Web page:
The purpose of this study was to determine the prevalence of presumptive NTIS in sick foals by measuring TT4, fT4, TT3, fT3 and rT3 concentrations in newborn septic, sick nonseptic and premature foals presented to 2 referral care facilities. We hypothesised that presumptive NTIS occurs frequently in septic and premature foals, and that the magnitude of TH dysregulation will be associated with the severity of disease and survival. We also proposed that TH concentrations will be lower in premature than in full-term foals and will be further decreased in response to sepsis.

Materials and methods


A total of 179 full-term and premature foals aged ≤7 days of both sexes and any breed admitted to 2 referral care facilities (The Ohio State University, Columbus, Ohio, USA and Hagyard Equine Medical Institute, Lexington, Kentucky, USA) were included in a prospective study design. All foals were admitted during 2 northern hemisphere foaling seasons (2009 and 2010) during the months of January–April.

Foals were classified into 3 main groups: septic, sick nonseptic and healthy.

Foals with a positive blood culture and/or sepsis score ≥12 were classified as septic (Brewer and Koterba 1988). Sick nonseptic foals were those foals with no evidence of local or systemic infections (e.g. meconium impaction, perinatal asphyxia syndrome etc.), and that had a sepsis score ≤10 and negative blood culture results. Healthy foals were all aged 12–36 h at the time of examination and evaluated by field practitioners on local breeding farms in central Kentucky, USA. Foals were considered healthy based on a normal physical examination, normal complete blood count (CBC), normal serum biochemistry, serum immunoglobulin G (IgG) consistent with adequate transfer of passive immunity (>8.0 g/l) and had a sepsis score ≤5.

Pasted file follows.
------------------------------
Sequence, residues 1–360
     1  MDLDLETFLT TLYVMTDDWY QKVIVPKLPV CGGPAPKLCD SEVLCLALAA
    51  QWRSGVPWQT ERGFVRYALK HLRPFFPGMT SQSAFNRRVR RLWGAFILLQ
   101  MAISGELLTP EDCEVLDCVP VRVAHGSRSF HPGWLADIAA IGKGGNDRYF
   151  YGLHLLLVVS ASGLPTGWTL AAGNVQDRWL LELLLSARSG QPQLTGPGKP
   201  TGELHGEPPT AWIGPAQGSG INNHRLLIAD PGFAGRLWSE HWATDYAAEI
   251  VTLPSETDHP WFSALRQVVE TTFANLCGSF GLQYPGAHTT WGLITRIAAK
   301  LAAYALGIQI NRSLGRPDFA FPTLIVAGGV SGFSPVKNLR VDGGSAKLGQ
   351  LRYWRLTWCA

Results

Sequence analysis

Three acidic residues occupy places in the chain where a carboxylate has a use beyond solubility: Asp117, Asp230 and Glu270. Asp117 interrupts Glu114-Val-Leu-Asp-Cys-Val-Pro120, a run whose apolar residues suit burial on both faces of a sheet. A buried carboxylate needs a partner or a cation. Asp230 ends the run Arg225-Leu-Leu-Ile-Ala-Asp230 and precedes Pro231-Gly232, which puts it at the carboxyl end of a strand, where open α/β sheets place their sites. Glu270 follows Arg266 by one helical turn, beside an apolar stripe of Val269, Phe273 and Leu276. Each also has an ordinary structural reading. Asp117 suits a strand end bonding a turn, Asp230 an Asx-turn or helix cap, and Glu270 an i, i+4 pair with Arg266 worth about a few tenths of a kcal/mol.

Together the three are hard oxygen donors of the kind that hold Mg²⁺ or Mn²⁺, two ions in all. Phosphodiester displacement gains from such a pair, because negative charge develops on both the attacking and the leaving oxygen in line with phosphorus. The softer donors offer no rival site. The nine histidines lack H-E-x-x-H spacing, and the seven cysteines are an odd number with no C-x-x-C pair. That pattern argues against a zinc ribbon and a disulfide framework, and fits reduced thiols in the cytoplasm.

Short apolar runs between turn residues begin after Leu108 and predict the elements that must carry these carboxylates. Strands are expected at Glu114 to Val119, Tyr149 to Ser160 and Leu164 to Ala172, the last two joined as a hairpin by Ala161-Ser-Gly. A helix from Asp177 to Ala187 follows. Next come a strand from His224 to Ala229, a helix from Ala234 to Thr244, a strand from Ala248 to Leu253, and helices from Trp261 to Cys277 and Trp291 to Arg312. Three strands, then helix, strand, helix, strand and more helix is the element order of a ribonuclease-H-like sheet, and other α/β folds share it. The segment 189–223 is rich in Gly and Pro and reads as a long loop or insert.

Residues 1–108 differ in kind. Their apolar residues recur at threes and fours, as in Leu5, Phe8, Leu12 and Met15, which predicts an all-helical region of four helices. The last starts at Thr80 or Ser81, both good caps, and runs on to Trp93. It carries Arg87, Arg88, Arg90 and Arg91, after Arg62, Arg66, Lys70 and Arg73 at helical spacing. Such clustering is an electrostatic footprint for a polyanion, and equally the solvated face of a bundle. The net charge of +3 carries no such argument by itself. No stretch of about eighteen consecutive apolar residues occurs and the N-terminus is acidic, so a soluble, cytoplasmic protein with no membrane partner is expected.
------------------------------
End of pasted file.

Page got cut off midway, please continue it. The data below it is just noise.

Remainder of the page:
Premature foals were classified into 2 separate groups: premature septic foals and premature nonseptic foals. Prematurity was determined based on gestation age (<320 days) from known breeding dates and phenotypical appearance of the foal, including 2 or more of the following: silky hair coat, domed head, curled ears, low birthweight.

Foals with a history of administration of nonsteroidal anti-inflammatory drugs, glucocorticoids, plasma or maternal exposure to endophyte-infested fescue were excluded. Foals that had received antimicrobials and/or crystalloid solutions prior to admission were included.

Survival was defined as being discharged alive from the treatment facility. Nonsurvival was defined as death from progressively worsening disease or euthanasia based on grave medical prognosis. Foals subjected to euthanasia due to financial limitations were excluded from the study.